An emergency phone line operator isn’t the first job I’d think of that needs excellent language skills, but you’d be hard-pressed to find lots of better examples of work where your listening and speaking skills really make the difference between life and death.

I’ve been fortunate enough never to have made a call to 911 (or any other emergency number) that I can remember. So I’ve never really thought about the person on the other end of that line. Spending 7 or 8 hours with 911 Operator was therefore a completely novel experience for me.

911 Operator is a video game from independent Polish developer studio Jutsu about the difficult work of people that manage emergency lines and services. Your main task in the game is to answer incoming calls and to react properly – give first aid instructions, advise, dispatch correct number of firemen / police / ambulances, or sometimes just ignore the call. The way this works is that you hear the call and read the transcript as you listen. You then have a menu of choices to make your responses, and the conversation continues until you send help or decide that it’s not really an emergency.


On top of that, there is a strategic layer which presents you with the map of a city. You need to click on fire engines, ambulances or police cars to send them to deal with the various emergencies. In addition to receiving and fielding calls, there are other emergencies that crop up in the form of text messages on the screen. Basically, your job is to get through the night (around fifteen minutes of real time) without too many casualties or too much damage done.

So, this involves a lot of reading and listening in real time. The more than 50 voiceover dialogues in the game meant that in the time I was playing I very rarely heard the same situation repeated. And the voiceover acting is pretty good too. Of course where I think this game really could be useful is for any teachers of medical English. There are a lot of first aid instructions you have to give, medical procedures that you have to choose from and this all brings up tons of health and body vocabulary. This could also be a useful simulation game to anyone teaching the police English, and I’ve trained several teachers who have gone on to do just that. There’s plenty of crime vocabulary to read and react to as well.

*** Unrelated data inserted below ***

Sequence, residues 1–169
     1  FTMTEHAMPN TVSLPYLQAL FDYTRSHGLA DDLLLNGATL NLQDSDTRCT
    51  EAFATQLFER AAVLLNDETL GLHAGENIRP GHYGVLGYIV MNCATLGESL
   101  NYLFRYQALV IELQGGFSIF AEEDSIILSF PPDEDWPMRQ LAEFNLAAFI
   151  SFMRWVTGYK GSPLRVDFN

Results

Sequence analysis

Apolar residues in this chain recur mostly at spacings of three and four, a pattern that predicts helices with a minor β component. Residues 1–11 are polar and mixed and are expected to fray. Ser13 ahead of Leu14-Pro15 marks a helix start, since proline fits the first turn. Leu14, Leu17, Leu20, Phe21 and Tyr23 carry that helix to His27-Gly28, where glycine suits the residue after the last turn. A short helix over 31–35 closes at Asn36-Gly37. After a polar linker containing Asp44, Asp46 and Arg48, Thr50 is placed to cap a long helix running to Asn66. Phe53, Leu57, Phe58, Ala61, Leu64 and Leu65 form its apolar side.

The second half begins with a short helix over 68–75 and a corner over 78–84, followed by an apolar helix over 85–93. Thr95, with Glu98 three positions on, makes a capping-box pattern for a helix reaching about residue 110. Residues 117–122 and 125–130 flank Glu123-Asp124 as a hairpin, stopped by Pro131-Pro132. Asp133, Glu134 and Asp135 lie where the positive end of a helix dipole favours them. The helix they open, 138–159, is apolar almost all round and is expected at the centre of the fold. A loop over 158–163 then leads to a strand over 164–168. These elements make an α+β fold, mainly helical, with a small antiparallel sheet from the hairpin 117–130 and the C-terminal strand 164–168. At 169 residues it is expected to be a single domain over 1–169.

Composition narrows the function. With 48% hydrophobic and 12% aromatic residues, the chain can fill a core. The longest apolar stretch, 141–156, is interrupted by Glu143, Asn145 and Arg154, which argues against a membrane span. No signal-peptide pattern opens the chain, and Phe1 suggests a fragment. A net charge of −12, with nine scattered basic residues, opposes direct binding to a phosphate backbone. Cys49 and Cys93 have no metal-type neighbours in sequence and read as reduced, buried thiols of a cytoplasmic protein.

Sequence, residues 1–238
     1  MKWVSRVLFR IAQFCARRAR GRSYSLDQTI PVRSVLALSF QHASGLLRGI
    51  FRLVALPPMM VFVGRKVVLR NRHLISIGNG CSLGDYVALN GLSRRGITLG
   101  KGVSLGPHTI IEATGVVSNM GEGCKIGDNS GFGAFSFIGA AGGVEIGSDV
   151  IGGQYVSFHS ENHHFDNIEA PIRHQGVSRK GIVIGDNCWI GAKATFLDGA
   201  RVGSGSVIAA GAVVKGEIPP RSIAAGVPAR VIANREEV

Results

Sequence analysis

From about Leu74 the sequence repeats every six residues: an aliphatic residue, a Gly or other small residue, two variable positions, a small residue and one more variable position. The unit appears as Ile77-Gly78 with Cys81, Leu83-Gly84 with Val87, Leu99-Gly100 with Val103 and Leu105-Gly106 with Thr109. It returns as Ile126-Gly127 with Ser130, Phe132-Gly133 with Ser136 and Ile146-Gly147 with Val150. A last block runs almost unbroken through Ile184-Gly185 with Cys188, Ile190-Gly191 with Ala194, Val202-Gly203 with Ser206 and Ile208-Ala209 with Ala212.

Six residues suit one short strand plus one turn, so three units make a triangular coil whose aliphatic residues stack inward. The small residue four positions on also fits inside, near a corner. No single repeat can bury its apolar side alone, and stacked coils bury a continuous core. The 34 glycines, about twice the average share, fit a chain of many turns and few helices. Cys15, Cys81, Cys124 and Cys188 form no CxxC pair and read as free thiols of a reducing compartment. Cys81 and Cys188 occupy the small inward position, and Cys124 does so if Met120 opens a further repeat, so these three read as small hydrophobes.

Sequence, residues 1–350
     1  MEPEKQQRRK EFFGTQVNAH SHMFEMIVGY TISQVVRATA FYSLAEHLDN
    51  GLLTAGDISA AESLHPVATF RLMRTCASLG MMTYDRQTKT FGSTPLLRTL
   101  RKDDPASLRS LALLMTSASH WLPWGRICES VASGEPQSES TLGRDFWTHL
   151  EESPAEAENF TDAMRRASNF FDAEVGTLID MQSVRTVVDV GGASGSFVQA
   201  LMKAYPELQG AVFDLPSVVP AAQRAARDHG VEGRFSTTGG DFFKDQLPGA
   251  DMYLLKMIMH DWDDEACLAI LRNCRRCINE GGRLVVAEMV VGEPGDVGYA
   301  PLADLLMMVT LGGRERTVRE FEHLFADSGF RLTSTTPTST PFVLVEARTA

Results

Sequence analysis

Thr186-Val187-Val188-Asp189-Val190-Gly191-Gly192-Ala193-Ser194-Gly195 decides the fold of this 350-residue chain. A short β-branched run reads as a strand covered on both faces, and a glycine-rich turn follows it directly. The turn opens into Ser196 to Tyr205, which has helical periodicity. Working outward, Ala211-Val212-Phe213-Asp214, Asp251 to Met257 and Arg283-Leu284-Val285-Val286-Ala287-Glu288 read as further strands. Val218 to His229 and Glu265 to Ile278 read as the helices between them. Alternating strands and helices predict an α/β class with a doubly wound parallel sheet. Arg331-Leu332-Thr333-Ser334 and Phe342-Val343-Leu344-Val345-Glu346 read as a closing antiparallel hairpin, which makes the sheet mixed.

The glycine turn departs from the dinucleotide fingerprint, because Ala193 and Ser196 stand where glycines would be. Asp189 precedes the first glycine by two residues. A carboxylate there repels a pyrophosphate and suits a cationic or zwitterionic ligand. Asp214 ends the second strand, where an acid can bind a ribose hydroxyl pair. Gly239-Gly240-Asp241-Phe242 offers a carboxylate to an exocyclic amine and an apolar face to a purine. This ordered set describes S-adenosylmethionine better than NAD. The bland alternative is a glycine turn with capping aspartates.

Sending your units around the map gets a little more tricky. Because you have to make decisions quickly, that means a lot of snap judgement calls. Do I send one or two police cars? Do I send my last ambulance for what sounds like a minor medical emergency? This clicking around and assigning of resources kind of reminded me of other RTS (real-time strategy) games, which do involve quick assessment of a map and situation to be able to respond well, and can be frustrating for people not accustomed to the genre.

A final brilliant touch of the game is that it allows you to download a map of any city to play the simulation on. So I played a game on the map of my nearest city (Alicante) in Spain. That was quite fun, although you do have to suspend belief a bit… why would emergency officers in Spain be speaking in English? That being said, it was a nice little tweak.

I’d strongly recommend this game for any English language student or teacher wishing to work on vocabulary relating to health, first aid and crime. I can see this much more as a small group activity, perhaps with one student playing while the game is being projected – and other students helping to make decisions. I would certainly use this in a very small private class with a doctor or paramedic or police officer wishing to learn English. I can see it also giving rise to conversations as to how realistic this actually is to them.

911 Operator is available via Steam and costs around €15. Check out the trailer below to get a taste of what the game is like.




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